Friday Quick Tip: Rosemary & Co. Brushes

Today's quick tip is more of a product review. Unless you frequent the Coolminiornot Shop, live in England or are a lady named Rosemary who makes brushes, you probably have never heard of Rosemary & Co. brushes. Many people are familiar with the Winsor & Newton Series 7 Kolinsky Sable brushes, which are great. And expensive. If you are looking for a brush with similar properties and quality, but at a lower price, definitely check out the Rosemary & Co. Pure Kolinsky Sable brushes.

I recently ordered up a few of their different series in size 0 to see how they they fare and to get a handle on their variety of different shapes.

Pictured above (from left to right) are the Series 22, Series 33 and Series 44. The 22 and 33 are pretty similar in size and length, with the Series 22 have a little fuller bulb and the 33 having a sharper taper. The Series 44 is a little crazy and reminds me of those huge pin striping liners used by auto artists that are more brush than handle. I haven't found a specific use for it yet, but next time I need some pin striping on my Falcons, I know which brush to use.

The tips are excellent and have a great point and the brushes have proven to be very durable under my ham-handed painting technique. And the best part is the price: I've found they are about half the price of the Series 7. I purchased mine from the Coolminiornot Shop, who carry most of the series in sizes popular for painting miniatures.

But a size they don't offer is one that intrigues me the most is the Series 1 Mop. Now, this isn't a brush for the price conscious (size 0 goes for about £38!), but these big chunks of Kolinsky Sable are packed into big, bulby, hand made, quill-stlye ferrule with a sharp tip. I'd love to splash washes with a brush like this or try some really fine wet blending, water color-style.

Brush Poll time: What is currently gracing your painting table and how is it holding up?


  1. I use GW brushes. I know they're not the best, but they're much better then most give them credit for.

    They're good enough, and cheap enough that I don't need to be super anal with them; I could replace them if they get trashed.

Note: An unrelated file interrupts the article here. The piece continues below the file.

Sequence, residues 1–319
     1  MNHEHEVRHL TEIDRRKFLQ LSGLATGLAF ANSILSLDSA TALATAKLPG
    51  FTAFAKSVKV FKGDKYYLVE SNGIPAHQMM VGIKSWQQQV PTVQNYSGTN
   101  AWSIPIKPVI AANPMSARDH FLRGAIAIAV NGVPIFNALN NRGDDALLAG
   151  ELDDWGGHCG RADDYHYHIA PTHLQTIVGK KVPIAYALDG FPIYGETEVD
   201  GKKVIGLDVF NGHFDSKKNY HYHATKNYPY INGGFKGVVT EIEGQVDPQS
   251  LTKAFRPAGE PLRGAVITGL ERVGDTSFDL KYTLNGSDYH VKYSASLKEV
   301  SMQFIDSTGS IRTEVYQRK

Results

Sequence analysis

2. I've got a set of Citadel brushes that I've used and abused for about 8 years. They are good brushes and I agree-- they are better than the reputation they get. They have been my main workhorse for many years until recently I began using Princeton Art & Brush Co brushes that were a gift.

    I haven't tried the new GW system brushes though, since the FLGS display of them leaves them looking a little ratty (no bristle protection). I went in with a little water and paper towel and none of them would make a decent point.

  3. I forgot to mention, compared to the Citadel and Princeton brushes, the Rosemary & Co's seem to be softer and easier to flex the bristles. I prefer the softer motion, especially when painting odd curves, since the natural tendency of the brush to snap back straight is lessened. Of course, there are times when you want some firm snap.

    In the end, they are all tools-- pick the right tool for the job. But the more tools you have, the better chance you have the right one for what you are working on.

  4. Currently gracing my painting table are a mix of brands of brushes.

    My main brushes are 2 Winsor & Newton series 7 (000 and 00), they simply cannot be beaten for quality. Have been using them since February and they are still perfect.

    For larger surfaces and base coating I use a Revelle (size 1) and some old GW brushes (red handles) that have long since lost any shape or point and are now mainly for messy jobs like moving paint from pot to palette and bases etc.

    I've heard good things about the Rosemary brushes but since I can get my series 7 for cheaper, I'll be sticking with them!



  5. I recently switched from W&N series 7 to Rosemary&Co series 33. They wear out a bit quicker, but overall their quality is identical to the W&N and they're a lot cheaper.

  6. I currently have Raphael Kolinsky 3404s ranging from 3/0 up to 2. I also use several Windsor and Newton Series 7 brushes, but I've not found anything that stands up to the quality of those Raphaels. They aren't cheap, but they last forever and are resilient.

  7. I use GW brushes mainly - hard to get anything cheaper when I got a decades worth at staff discount when I worked for them. Walk into art stores and have a "how much?" constantly emanating from my mouth.

    Not to say they're really really good brushes - but I've got enough that I can afford to just chuck em after they start to splay out.

  8. I currently have 9 different Winsor and Newton brush from 0 through 2 and then a set of the older style Reaper Pure Sable brushs from a 5/0 to a 2. I generally do most of my painting wiht the 1 or 2, and detail work with the 0.

    I have found that in the US you can order the Winsor and Newton brushs through dickblick and get them for about 50% of retail, and over $100, you would get free shipping. I got a couple of friends and were able to order the brushs we wanted and had free shipping.

  9. I'm currently using the newer Black Handle GW brushes (won a full set in a painting contest) as my primary work horse brushes. However I have a W&N Series 7 #0 I use for anything more then base coating and first block high lights/applying washes.

    I do however think there is nothing better then a GW brush when it comes to Dry Brushing.